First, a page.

Imran Siddiquee is a writer, filmmaker, and activist working to transform how gender and race are represented in the media. He helped start The Representation Project, where he led nationwide campaigns to call-out sexism in the media. In 2014, he gave a TEDx talk called “How Hollywood Can Tell Better Love Stories,” and his 2015 short film, Love Reset, was aired by MTV. His writing has been published by The Atlantic, Buzzfeed, Salon, Mic, and other publications.
Robin Lung is a 4th-generation Chinese American raised in Hawai‘i and director of Centerpiece Documentary Finding Kukan. Robin has spent over fifteen years bringing untold minority stories to the screen, and several of her past films have aired nationally on PBS.
Arts as Activism Panel
Saturday, Nov. 11 | 4:30–6pm | UPenn
In light of the recent shift in political climate, American artists have taken up the mantle where politics have failed. This panel will explore the role of artists within the larger activist movements of our time, questioning to what extent community of color artists are responsible for engaging in issue-based political discourse.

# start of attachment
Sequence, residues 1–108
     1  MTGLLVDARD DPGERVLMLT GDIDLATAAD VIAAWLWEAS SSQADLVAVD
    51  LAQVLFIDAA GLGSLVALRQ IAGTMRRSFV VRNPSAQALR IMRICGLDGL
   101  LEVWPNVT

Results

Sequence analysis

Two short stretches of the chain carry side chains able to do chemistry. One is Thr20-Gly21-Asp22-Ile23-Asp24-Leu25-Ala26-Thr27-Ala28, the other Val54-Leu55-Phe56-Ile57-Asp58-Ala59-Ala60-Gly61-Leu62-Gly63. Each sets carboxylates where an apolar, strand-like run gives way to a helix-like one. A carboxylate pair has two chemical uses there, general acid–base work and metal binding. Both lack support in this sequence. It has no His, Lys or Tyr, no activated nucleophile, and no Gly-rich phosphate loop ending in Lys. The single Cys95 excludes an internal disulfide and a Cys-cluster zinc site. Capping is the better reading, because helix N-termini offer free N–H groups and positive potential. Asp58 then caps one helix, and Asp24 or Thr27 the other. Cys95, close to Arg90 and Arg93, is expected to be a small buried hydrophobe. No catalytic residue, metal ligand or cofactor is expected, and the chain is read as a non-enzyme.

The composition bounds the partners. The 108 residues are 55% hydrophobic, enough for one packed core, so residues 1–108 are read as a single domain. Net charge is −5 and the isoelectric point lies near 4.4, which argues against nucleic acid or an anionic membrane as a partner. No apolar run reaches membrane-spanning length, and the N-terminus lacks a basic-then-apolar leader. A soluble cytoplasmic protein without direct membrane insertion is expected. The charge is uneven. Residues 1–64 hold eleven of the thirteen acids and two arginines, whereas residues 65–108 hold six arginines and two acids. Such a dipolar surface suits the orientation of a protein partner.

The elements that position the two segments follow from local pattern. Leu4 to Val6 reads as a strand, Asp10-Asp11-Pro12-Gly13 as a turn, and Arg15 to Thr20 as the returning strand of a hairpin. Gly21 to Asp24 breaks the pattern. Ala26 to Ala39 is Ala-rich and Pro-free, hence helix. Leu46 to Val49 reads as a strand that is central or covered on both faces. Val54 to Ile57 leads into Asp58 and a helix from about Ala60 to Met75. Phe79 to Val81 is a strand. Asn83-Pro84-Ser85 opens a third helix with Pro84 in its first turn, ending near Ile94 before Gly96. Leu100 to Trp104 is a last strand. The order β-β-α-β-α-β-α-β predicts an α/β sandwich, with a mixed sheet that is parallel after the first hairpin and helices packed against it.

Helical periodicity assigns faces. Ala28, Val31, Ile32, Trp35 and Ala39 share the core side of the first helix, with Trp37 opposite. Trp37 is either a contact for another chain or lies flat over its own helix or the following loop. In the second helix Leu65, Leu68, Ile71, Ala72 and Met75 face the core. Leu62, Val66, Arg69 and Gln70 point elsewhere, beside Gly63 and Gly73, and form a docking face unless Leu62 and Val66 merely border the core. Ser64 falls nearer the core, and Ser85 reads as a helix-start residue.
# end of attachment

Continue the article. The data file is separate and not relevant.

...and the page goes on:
Jenny Yang, is a Los Angeles-based writer, actor, and stand up comedian who produces the first-ever, mostly female, Asian American standup comedy tour, Disoriented Comedy. Drawing from her former career in politics, Jenny is a regular commentator on politics and pop culture with contributions featured in National Public Radio, MSNBC, The Guardian, NBC News, BBC News, and Al Jazeera America.
Dr. Michelle Myers, is a spoken-word poet, community activist, educator, and founding member of the Asian American female spoken-word duo Yellow Rage, best known for appearing on the first season of HBO’s Def Poetry. Currently she is an Associate Professor at Community College of Philadelphia and also lectures at Temple University.
Frank Chi, is a progressive media strategist and filmmaker who created the “Past is Prologue” video series – a compilation of four short films that connect the past with today’s fight for social justice, in partnership with Smithsonian Asian Pacific American Center. Receiving over 200,000 shares and 10 million plus views, the “Letters from Camp” video was particularly popular, featuring Muslim American children reading letters written by Japanese American incarceration survivors.
Dr. Bruce Campbell Jr., is Director of the Educational Leadership Masters and Supervisory Certification programs at Arcadia University. Also known as “DJ Junior,” Dr. Campbell is the founder of Record Breakin’ Music, a Philadelphia-based indie record label and co-host of Eavesdrop, a weekly radio show on WKDU 91.7FM. His recent project Dust + Dignity aims to promote dialogue and advance social justice through the exploration of the relationship between music and visual art.